All roads lead to Bayview
June 25, 2008 · Updated 2:16 PM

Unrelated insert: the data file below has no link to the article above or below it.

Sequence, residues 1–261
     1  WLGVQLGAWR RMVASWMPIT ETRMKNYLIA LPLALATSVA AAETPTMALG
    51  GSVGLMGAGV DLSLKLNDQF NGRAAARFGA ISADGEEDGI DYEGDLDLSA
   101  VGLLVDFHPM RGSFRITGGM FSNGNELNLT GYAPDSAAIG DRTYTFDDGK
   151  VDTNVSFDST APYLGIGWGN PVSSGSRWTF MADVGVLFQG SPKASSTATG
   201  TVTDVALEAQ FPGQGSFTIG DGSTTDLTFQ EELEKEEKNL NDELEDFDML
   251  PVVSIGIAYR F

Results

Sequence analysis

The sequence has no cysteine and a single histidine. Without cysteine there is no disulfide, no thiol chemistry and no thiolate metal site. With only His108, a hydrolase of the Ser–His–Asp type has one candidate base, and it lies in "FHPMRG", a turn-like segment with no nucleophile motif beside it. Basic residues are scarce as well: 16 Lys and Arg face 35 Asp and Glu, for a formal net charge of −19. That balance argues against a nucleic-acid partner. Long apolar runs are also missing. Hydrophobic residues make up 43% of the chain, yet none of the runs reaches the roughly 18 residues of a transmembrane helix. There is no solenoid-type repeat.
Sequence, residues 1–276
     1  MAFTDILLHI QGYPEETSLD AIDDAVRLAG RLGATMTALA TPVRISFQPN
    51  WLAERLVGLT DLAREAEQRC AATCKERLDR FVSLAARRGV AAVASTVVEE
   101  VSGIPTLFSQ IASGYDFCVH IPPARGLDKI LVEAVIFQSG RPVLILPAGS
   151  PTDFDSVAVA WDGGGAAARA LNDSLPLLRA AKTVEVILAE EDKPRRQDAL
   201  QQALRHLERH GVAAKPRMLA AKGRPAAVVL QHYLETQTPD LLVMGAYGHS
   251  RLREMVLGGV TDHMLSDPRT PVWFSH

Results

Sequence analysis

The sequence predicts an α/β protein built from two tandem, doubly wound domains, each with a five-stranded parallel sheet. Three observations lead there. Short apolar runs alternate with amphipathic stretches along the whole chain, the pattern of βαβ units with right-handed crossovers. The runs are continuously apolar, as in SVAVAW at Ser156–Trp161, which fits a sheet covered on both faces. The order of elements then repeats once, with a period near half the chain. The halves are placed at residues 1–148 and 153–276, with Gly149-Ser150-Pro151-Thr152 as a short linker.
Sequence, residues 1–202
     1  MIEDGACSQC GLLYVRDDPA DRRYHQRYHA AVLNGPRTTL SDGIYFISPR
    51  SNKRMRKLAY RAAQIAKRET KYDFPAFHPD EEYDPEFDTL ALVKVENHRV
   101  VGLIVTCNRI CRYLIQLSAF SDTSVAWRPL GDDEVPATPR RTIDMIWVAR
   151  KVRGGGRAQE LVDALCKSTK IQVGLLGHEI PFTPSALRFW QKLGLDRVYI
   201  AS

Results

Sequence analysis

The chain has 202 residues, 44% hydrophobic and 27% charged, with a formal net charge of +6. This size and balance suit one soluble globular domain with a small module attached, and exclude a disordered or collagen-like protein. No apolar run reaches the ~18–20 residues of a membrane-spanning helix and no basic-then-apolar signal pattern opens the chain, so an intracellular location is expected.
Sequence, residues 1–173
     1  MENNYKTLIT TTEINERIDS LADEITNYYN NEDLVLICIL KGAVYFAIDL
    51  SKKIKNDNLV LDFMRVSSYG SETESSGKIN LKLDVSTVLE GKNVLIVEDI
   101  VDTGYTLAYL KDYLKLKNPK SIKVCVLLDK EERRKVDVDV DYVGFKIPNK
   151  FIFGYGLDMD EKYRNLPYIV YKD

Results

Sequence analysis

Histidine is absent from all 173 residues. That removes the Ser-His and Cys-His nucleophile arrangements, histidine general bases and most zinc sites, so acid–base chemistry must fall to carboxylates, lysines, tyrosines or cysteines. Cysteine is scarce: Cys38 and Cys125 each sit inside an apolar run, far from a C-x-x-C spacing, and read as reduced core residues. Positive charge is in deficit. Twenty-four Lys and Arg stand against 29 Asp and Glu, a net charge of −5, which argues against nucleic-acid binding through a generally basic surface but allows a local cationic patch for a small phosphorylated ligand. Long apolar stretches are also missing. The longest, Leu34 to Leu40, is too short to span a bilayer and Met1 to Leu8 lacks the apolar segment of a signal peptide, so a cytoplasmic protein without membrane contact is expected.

"Bayview School students pose in front of the Cash Store at Bayview Corner. The Bayview History Project is gathering pieces of history through oral interviews and photographs to record the early days of Bayview. Bayview Corner liveHear stories about the island's history from the people who lived them in a series of community events beginning on Sunday, Sept 23 at 3 p.m. at the Bayview Cash Store at Bayview Corner. Light refreshments will be served. Other dates in the series are Friday, Oct. 19, 5 p.m., with a potluck dinner; Saturday, Oct. 27, 10 a.m., followed by a potluck lunch; and Saturday, Nov. 10, 1 p.m., with light refreshments.Bring favorite family recipes for a cookbook and old photographs for the archives, which will be copied on the spot and returned immediately. For more information call Mary Ann at 321-4535. The words of some of South Whidbey's most venerable citizens will breathe life into the historical facts of Bayview Corner's early days, as the new Bayview History Project gets under way.The Goosefoot Community Fund, which has been involved in renovating and restoring Bayview Corner, has initiated an oral and photographic recording of the area's life just after the turn of the century, and will present the first of several public programs next week, starring some of the people who were part of Bayview's history.Who built the old Bayview Cash Store? Why was it located so far away from the water? Who threw a classmate's cap down the Bayview School's outhouse? Why were thieves unable to escape after stealing the Cash Store safe? People can come and find out the answers to these and other questions about the history of Bayview Corner, said Frances Wood, history project coordinator. Goosefoot wants to take time this fall to look back at Bayview's historical roots as the changes at Bayview Corner go forward.The series of community events is sponsored In cooperation with the South Whidbey Historical Society. Columnist Sue Frause will interview members of some of the notable families in a fireside chat with a live audience. The first program will take place Sunday, Sept. 23, at 3 p.m. in the Bayview Cash Store. Answering the questions will be Ron Johnston, whose father owned the Cash Store, and Johnston's sister Judy Thorsen, who has vivid memories of working in her dad's store, Wood said. Others who will be invited include Eva Mae and Ray Gabelein, Janice Witsoe and her brother Bob Kohlwes, Harry Josephson, and Art and Dorothy Burke. A display of old photos and memorabilia will be on view in the Cash Store during the seven week period surrounding the gatherings, and members of the community are encouraged to share their photos and memorabilia. And don't be afraid of losing those priceless photos. During each program, someone will be available with a scanner to copy the photos -- even if they're in an album -- and return them immediately, Wood said. The scanned photos will become a part of the collection of the South Whidbey Historical Society.After the series of interviews, the stories from the Bayview Live gatherings will be compiled into a written history of Bayview. The book will be for sale at the South Whidbey Historical Society and the Cash Store.The programs will also be audiotaped and later broadcast over radio station KSER 90.7 FM.Light refreshments or a potluck social will follow the interviews. For more information call the Bayview Corner at 321-4535. Seniors needing a ride may call the Senior Center at 321-1600. "